Winkleigh is a civil parish and small village in Devon, England. It is part of the local government area of Torridge District Council. The population of the parish at the 2011 census was 1,305, compared to 1,079 in 1901. The population of the electoral ward in 2011 was 2,068.
During World War II, the RAF Winkleigh Airfield was used by the RNoAF from 1944 as the main training Centre in the UK after Norway shifted from Little Norway in Toronto Canada to re-locate the training facilities to a place nearer to the War theatre. The former RAF base is now the site of the West of England Transport Collection, which stores over 200 cars, lorries and buses of historical interest. It is not normally open to the public.
In 1975 the deaths of three members of the Luxton family at nearby West Chapple Farm, brought media interest to the area. A book Earth to Earth by John Cornwell was published about this murder and suicide case in 1982.
The village was the location of Inch's Cider, producers of White Lightning cider. Inch's Cider was bought by H. P. Bulmer, who then closed the plant down. However some of those involved in the original enterprise now run Winkleigh Cider on the Hatherleigh Road.
Local businesses and organisations include a health centre (a branch of the Wallingbrook Surgery in Chulmleigh), a convenience store, a post office, a butchers shop, a florists, a cafe, a veterinary practice, two public houses, and Winkleigh sports centre. Winkleigh also has a primary school.
Berner's Cross is a crossroads near the village which was bypassed by the main road in the 1940s when Winkleigh Airfield was under construction; the name now refers to the sharp corner and the area adjacent to it.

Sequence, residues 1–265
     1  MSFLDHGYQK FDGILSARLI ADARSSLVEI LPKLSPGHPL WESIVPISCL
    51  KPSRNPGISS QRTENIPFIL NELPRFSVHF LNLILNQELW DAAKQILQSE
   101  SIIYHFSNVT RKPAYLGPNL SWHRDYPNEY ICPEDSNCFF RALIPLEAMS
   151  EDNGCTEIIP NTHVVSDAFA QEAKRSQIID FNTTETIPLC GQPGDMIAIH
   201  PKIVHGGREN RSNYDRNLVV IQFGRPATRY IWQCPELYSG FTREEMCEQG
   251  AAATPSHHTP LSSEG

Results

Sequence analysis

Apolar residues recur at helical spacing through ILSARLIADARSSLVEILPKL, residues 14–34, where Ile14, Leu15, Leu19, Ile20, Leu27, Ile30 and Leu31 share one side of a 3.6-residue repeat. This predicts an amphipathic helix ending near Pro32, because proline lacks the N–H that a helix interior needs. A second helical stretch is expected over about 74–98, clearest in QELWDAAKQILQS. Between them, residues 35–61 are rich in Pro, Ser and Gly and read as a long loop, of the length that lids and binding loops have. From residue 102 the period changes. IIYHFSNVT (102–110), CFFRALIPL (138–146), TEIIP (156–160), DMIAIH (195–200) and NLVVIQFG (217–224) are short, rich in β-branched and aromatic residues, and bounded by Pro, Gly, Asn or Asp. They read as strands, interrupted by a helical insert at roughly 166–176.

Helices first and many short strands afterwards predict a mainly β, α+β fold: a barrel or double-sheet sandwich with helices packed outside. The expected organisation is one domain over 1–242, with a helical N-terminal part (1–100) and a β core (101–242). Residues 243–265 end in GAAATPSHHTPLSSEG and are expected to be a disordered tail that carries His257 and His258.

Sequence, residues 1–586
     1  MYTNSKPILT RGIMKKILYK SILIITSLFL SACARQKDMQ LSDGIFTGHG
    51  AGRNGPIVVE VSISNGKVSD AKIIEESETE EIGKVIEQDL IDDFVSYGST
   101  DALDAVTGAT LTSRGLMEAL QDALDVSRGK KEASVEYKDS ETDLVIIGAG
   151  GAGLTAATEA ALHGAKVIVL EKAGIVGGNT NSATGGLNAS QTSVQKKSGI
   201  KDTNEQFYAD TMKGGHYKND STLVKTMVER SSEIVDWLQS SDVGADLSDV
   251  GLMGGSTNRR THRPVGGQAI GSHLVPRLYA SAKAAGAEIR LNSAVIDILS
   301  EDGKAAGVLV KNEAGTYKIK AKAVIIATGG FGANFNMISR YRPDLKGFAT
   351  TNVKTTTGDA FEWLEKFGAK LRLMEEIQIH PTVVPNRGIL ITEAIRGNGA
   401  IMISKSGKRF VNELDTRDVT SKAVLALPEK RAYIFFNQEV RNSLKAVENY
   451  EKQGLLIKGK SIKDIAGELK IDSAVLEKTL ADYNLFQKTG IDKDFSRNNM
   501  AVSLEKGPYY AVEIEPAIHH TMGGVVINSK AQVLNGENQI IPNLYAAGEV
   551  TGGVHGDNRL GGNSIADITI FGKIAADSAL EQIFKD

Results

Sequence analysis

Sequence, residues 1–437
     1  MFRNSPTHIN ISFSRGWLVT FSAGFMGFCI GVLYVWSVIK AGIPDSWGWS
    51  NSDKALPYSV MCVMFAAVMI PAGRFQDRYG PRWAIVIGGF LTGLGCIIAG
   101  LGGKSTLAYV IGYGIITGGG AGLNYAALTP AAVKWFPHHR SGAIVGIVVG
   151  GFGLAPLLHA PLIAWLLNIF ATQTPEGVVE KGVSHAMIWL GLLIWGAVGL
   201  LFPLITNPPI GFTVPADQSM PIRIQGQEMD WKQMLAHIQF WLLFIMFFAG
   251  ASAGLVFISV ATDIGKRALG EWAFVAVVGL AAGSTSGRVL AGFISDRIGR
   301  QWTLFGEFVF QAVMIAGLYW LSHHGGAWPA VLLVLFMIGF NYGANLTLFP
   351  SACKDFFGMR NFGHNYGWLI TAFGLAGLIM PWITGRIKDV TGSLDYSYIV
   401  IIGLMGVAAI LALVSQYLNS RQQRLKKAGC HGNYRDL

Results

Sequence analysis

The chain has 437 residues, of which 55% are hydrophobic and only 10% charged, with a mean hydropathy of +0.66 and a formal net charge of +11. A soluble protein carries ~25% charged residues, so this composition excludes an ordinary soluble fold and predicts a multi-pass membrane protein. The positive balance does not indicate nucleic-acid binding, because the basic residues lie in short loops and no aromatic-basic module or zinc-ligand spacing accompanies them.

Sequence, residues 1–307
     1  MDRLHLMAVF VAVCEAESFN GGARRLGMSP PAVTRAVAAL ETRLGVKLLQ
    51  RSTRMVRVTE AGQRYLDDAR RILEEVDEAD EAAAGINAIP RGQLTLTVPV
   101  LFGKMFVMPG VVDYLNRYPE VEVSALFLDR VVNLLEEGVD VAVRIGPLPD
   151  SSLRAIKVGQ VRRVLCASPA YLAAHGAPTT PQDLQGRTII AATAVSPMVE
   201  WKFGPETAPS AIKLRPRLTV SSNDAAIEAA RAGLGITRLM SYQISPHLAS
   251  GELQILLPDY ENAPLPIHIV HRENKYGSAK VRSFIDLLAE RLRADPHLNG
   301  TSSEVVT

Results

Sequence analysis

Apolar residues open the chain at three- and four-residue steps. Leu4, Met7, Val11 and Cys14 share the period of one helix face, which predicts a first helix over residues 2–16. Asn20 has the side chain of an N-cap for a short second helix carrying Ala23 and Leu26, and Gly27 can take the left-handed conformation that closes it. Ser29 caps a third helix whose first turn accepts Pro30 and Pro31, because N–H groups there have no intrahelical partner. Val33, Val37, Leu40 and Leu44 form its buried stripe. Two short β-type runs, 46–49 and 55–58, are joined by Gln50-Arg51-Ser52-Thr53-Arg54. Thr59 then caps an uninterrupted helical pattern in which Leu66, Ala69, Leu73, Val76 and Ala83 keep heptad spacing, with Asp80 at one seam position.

- "Parish population 2011". Retrieved 16 February 2015.
- Harris, Helen (2004). A Handbook of Devon Parishes. Tiverton: Halsgrove. p. 187. ISBN 1-84114-314-6.
- "Ward population 2011". Retrieved 16 February 2015.
- "West of England Transport Collection - About Us". Retrieved 8 August 2015.
- "The Late Mr. Pinckard and Winkleigh". Exeter and Plymouth Gazette. 29 July 1892.
The church was reopened by the late Rev. James P. Bremridge. father of his successor, the present Vicar, 22nd October, 1873.
- "The History of our Proper Devon Cider". Sam's Cider. Retrieved 8 August 2015.
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- Winkleigh Parish Council Website
- Genuki Winkleigh page
- Devon village gets top family-friendly rating BBC News
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